The prestigious weekly The Economist publishes in the latest issue. There are two articles on omega-3 fatty acids, one of which discusses a study conducted in the UK on the effects of omega-3 fatty acids on pregnant women on their children's development. In short, the study seems to show once again that the positive aspects of fish consumption are many times greater than the negative ones.
The study, which The Economist covers, lasted 15 years and included 14,000 women and their children. The results of the study, called the Avon study, were presented at a recent scientific conference in London. Numerous studies on the effects of omega-3 fatty acids have been conducted in recent decades, and many articles have been published in reputable scientific journals on their beneficial effects, including for the heart and brain. Articles on this subject in a magazine as widely read as The Economist can be expected to have a wider impact on people's opinions than many others.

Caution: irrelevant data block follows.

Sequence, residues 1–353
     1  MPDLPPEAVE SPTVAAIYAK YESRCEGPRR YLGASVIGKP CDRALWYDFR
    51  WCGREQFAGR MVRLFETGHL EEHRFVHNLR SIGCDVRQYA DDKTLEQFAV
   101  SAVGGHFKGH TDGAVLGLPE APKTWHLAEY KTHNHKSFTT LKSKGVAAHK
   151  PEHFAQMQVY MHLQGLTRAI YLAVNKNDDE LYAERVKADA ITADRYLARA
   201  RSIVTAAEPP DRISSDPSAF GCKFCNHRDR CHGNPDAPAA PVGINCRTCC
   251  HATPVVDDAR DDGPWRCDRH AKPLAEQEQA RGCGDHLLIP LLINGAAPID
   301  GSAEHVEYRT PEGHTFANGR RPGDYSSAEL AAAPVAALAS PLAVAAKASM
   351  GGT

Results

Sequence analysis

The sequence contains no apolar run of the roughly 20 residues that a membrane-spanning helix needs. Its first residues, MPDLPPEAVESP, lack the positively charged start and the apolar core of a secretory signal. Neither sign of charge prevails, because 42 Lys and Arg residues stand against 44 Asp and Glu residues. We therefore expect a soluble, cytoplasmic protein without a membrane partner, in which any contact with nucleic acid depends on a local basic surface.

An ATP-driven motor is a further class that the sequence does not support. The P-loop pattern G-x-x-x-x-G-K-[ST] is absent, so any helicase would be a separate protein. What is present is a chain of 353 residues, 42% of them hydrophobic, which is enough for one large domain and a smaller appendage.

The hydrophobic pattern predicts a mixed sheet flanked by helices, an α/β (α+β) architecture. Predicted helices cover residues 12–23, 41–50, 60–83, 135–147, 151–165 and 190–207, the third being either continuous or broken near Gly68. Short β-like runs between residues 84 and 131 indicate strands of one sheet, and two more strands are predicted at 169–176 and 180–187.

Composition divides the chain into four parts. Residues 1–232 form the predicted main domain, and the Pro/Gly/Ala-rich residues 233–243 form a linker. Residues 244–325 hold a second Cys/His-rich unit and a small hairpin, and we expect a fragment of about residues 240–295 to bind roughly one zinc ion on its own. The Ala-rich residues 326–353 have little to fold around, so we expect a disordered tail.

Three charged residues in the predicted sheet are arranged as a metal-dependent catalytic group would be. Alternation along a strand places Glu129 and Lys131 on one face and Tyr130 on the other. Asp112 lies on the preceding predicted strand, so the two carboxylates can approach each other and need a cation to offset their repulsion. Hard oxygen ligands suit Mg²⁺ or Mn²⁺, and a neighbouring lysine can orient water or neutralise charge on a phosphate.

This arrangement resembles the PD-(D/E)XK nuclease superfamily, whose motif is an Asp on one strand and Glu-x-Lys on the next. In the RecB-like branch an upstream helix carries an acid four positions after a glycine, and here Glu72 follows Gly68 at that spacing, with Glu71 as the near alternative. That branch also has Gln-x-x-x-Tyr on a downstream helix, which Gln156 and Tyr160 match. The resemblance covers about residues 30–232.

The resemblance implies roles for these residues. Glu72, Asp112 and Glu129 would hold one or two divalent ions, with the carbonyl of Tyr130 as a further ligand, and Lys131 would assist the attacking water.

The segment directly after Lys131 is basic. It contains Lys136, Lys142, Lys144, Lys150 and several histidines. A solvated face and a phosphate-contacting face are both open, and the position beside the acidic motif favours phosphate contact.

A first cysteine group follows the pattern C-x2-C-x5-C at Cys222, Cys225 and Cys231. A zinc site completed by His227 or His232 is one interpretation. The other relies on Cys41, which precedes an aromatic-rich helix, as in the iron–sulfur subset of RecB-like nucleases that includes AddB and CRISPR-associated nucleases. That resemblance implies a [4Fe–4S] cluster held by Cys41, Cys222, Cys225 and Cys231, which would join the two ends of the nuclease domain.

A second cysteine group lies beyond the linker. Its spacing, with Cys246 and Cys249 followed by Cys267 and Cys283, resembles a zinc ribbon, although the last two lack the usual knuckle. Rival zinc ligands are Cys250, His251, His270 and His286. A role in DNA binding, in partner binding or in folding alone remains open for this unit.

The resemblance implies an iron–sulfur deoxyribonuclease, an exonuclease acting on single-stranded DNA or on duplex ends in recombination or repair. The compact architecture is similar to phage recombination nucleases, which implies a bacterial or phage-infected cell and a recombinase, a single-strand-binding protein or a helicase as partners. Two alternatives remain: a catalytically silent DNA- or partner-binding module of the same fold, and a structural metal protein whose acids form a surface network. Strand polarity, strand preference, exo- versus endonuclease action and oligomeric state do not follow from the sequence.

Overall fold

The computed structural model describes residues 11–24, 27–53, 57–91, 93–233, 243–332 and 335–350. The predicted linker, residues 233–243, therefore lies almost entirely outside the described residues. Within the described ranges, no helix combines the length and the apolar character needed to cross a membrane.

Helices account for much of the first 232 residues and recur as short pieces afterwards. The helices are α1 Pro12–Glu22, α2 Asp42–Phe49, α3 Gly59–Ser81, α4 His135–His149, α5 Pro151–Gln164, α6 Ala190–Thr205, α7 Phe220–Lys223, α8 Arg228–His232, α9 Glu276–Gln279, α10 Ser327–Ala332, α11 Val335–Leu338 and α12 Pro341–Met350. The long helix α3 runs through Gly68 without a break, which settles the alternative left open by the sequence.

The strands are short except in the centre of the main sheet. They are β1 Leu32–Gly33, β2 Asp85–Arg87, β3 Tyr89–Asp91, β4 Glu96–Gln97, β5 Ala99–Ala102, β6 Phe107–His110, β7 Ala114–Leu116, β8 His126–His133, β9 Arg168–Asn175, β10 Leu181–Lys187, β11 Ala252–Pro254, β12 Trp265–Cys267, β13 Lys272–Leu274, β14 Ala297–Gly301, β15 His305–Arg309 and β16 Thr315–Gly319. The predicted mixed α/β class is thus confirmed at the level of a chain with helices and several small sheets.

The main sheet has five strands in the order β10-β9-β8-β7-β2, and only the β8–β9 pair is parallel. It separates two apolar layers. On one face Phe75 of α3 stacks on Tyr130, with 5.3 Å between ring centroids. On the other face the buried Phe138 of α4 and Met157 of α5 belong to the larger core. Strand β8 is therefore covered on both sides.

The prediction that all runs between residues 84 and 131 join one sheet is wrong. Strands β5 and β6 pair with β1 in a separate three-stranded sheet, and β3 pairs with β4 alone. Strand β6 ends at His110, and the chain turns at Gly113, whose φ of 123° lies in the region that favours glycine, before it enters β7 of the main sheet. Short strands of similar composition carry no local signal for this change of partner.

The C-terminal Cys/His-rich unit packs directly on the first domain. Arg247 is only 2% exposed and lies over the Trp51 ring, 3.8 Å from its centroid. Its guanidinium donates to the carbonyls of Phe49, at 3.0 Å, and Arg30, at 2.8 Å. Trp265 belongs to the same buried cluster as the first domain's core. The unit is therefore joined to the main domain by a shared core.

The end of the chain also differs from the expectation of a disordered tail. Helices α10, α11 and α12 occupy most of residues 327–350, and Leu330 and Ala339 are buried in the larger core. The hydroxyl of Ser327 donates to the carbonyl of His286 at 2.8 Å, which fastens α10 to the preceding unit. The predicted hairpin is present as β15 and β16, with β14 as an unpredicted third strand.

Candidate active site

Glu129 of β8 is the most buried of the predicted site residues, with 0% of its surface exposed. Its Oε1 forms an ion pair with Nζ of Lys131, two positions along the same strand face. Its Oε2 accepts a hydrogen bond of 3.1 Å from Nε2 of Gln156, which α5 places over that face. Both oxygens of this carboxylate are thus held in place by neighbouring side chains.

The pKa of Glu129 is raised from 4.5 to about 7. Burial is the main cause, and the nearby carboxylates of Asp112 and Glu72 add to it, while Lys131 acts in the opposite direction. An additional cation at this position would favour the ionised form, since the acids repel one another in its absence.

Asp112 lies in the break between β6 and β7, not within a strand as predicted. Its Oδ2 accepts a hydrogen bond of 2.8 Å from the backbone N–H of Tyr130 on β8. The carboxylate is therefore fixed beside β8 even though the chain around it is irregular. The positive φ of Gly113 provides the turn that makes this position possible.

According to the author of The Economist, the results of the Avon study should be of particular interest to the US authorities, who have warned against consuming fish by pregnant women, partly because of fears about the harmful effects of certain types of mercury. Dr. Joseph Hibbeln from the National Institutes of Health in the USA says, however, that the study unequivocally shows that the benefits of fish consumption are multiplied by the dangers that can arise from mercury in fish.
Although the author of The Economist points out that one should be careful not to draw too broad conclusions from the results of the Avon study so far, but is clearly convinced of the merits of omega-3.
For those who still doubt the health of the fish, it can be pointed out that research shows that the amount of undesirable substances found in fish from Icelandic waters is far below the reference limit.